Cunningham is a small town, half way between
Kingman and Pratt on Highway 54. According to
the assessor's 1983 record, there were 601 people,
who call Cunningham their home town.
The town developed first south of the railroad
tracks. In 1880, before there were railroad tracks, it
was called "Ninnescah." It was on the Cannonball
Route Stagecoach Line, from Kingman to Greensburg.
By 1885, Ninnescah had a hotel, church, two
stores, land office building, and many homes.
In 1887, the Kingman, Pratt, & Western Railroad
Company built a railroad, bordering Ninnescah
on the north. The Santa Fe Railroad bought this
railroad in 1898 and still operates it. On March 24,
1887, tragedy struck the little town of Ninnescah,
when a tornado practiCally demolished the town.
Some people were injured, but no lives were lost. The
buildings were a total wreck. That is when the
people decided to rebuild the town, north of the
railroad track. Colonel James D. Cunningham, a
director and surveyor for the railroad, offered to
give and sell lots to the settlers. Many Ninnescah
residents built north of the tracks, and the new town
was named Cunningham. The Ninnescah Post
Office became the Cunningham Post Office in
1887. On May 17, 1898 another tornado destroyed
the southeast corner of Cunningham.
In 1903, Cunningham had a school, Methodist
and Christian churches, stores, two hotels, creamery
"skimming station," lumber yard, livery stable,
station house, elevator, and depot.
In 1905, Dr. Silas Nossaman had the first Car in
Cunningham. It was a 3-cylinder Cadillac.
In 1908, a two-story frame school building served
as grade and high school. This building was on the
site of the present lunch room. Three students were
graduated from high school in 1911. In 1917, a high
school was built with an indoor gymnasium. In
1949, a fine new brick grade school replaced the
1908 outdated building. In 1956, a new auditorium/gymnasium
was added to the system, east of the high school.
In 1965, the Cunningham schools became a part
of Unified School District No. 332. This newly
created district covered the western one-third of
Kingman County and included five grade schools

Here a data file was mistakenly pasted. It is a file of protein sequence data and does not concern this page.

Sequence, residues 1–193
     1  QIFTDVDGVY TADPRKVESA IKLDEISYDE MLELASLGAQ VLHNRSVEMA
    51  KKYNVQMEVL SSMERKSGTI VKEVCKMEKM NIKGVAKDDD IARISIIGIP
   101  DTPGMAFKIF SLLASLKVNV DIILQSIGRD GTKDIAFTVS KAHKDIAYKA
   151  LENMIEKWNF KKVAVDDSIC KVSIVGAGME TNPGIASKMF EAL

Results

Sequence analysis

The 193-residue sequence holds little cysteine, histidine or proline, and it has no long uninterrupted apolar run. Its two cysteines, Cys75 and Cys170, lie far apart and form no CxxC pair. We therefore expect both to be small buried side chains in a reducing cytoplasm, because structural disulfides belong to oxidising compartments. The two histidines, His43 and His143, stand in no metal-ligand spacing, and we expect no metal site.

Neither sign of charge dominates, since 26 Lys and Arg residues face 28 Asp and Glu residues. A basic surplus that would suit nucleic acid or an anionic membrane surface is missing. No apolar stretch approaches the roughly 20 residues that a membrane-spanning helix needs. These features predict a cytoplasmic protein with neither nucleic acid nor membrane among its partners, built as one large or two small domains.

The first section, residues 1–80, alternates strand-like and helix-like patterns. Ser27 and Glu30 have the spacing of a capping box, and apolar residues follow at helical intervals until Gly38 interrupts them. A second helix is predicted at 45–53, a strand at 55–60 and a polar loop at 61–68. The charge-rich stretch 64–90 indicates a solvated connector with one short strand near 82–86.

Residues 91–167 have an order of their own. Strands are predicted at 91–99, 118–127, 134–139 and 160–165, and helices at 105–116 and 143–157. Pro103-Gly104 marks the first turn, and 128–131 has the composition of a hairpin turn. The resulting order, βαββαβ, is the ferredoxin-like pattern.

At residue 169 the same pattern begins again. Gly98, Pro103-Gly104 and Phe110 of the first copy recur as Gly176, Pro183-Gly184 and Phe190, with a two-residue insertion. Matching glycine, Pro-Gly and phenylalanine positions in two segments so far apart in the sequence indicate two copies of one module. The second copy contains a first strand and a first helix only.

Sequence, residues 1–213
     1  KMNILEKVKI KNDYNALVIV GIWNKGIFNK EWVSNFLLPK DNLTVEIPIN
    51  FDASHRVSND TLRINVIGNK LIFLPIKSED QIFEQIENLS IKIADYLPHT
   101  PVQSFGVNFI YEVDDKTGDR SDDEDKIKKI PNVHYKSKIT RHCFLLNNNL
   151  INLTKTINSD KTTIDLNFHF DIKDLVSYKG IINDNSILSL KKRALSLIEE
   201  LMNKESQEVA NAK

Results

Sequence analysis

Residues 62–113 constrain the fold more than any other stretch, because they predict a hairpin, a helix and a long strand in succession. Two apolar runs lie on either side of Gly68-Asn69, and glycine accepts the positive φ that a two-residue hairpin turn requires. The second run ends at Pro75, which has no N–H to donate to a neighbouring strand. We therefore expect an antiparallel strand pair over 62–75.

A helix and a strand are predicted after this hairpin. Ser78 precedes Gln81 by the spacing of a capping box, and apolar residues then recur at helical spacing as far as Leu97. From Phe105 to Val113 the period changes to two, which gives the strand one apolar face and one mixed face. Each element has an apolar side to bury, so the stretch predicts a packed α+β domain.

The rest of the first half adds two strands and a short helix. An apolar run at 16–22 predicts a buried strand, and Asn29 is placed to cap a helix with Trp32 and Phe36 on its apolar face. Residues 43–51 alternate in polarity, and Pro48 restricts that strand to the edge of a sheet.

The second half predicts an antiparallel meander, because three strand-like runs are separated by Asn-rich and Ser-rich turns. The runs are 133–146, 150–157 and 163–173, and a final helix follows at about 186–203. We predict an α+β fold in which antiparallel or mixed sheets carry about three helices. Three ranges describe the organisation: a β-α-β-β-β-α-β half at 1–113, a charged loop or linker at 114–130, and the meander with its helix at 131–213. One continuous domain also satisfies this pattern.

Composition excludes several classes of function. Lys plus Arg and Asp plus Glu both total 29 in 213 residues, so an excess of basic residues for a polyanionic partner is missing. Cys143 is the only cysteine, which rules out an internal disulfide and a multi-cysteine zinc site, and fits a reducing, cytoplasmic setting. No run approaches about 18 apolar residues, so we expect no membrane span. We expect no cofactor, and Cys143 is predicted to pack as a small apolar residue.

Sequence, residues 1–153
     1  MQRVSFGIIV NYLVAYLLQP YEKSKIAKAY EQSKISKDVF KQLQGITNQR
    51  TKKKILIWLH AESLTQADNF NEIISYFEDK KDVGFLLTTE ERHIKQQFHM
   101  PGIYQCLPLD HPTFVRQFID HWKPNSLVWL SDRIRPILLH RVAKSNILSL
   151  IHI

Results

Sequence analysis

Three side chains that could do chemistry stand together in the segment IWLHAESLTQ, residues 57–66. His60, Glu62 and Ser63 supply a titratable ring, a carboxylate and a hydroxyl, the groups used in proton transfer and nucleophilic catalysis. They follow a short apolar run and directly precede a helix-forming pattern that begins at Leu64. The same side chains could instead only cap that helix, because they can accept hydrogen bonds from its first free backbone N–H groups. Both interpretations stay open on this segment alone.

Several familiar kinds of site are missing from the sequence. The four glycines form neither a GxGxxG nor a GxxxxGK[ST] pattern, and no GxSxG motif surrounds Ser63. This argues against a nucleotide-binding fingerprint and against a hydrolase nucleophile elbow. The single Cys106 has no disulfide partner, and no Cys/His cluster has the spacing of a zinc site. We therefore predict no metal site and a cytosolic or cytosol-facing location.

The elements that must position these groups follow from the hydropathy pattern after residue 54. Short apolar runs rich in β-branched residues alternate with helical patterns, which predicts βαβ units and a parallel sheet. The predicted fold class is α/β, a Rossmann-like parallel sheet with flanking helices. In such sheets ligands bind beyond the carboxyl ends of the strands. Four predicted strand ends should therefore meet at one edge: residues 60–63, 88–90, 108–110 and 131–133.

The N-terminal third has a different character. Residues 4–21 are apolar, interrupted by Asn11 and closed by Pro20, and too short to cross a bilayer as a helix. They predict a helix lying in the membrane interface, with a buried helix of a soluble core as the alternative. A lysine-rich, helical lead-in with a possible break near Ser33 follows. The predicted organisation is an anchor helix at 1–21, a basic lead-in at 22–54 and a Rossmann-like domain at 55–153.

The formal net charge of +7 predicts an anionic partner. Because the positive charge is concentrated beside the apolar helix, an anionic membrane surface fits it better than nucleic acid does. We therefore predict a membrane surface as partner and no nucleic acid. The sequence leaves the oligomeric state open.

and two high schools. In 1984, there are 78 enrolled
in Cunningham High School and 133 in grade
school. The office of the Superintendent of Unified
District No. 332 was built in Cunningham. Milton
E. Brooks was the first Superintendent, succeeded
by Richard Turner in 1970. Melvin R. Ormiston
became the present Superintendent in 1981.
Cunningham also houses a part of the South
Central Special EduCation Cooperative, which
meets in the former Sacred Heart Parish school
Cunningham has had a newspaper since 1886,
beginning as the "Ninnescah Herald." It became
the "Cunningham Clipper" in 1902.
In 1984, Cunningham's three churches include:
the United Methodist Church, in continuous operation
since 1886; the Christian Church, with services
since 1897; and the Catholic Church, Sacred Heart
Parish, organized in 1908.
Discovery of oil north of Cunningham led to the
development of "Skellyville," three miles north of
town, which at one time had twenty-five houses.
From 1943-1946, there was a helium plant west of
Cunningham. At the present time, the Northern
Natural Gas Company has a huge gas storage
facility northwest of Cunningham.
Cunningham has been and is the home of small
manufacturing plants. In the 1940's, Cecil Sheldon
manufactured a gasoline pump, known as the Sheldon
Tractor Filler. At the present time the Kingman
Manufacturing Co., owned and operated bY Bill
DeWeese, manufactures cattle equipment at the
east edge of Cunningham. Dr. D.E. Thompson, a
former Cunningham dentist, maintains the Great
Plains Dental Products. Dan Cusenbary, east of
Cunningham, manufactures a specially designed
all-purpose table, as a part of the Walnut Hill
Industries & Fish Farm.
In 1984, public buildings also include: a public
library, cityhall, post office, lodge hall, community
building, swimming pool, and two city parks. The
city is governed by a mayor and council system. Ivan
Cain is the mayor. Hilltop Manor, modern nursing
home, serves some seventy residents. A reliable
bank, three filling stations, and three restaurants
serve tourists on Highway 54 and the local community
nity. There are two wheat storage elevators.
Flourishing organizations are: the 4-H Club;
American Legion and Ladies Auxiliary; Eastern
Star and Masons; Modern Homemakers E.H.U.;
Lions Club; Y.W.C.A.; and Cub Scouts.
Cunningham owes much of its prosperity to the
rich surrounding farmland, cattle production, oil
wells, and Highway 54. The residents enjoy dependable
utility services, good streets, friendly neighbors,
and a progressive community spirit.
Submitted by Rubie Cusenbary.
Much information from History of Cunningham,
by Bob Witt, 1969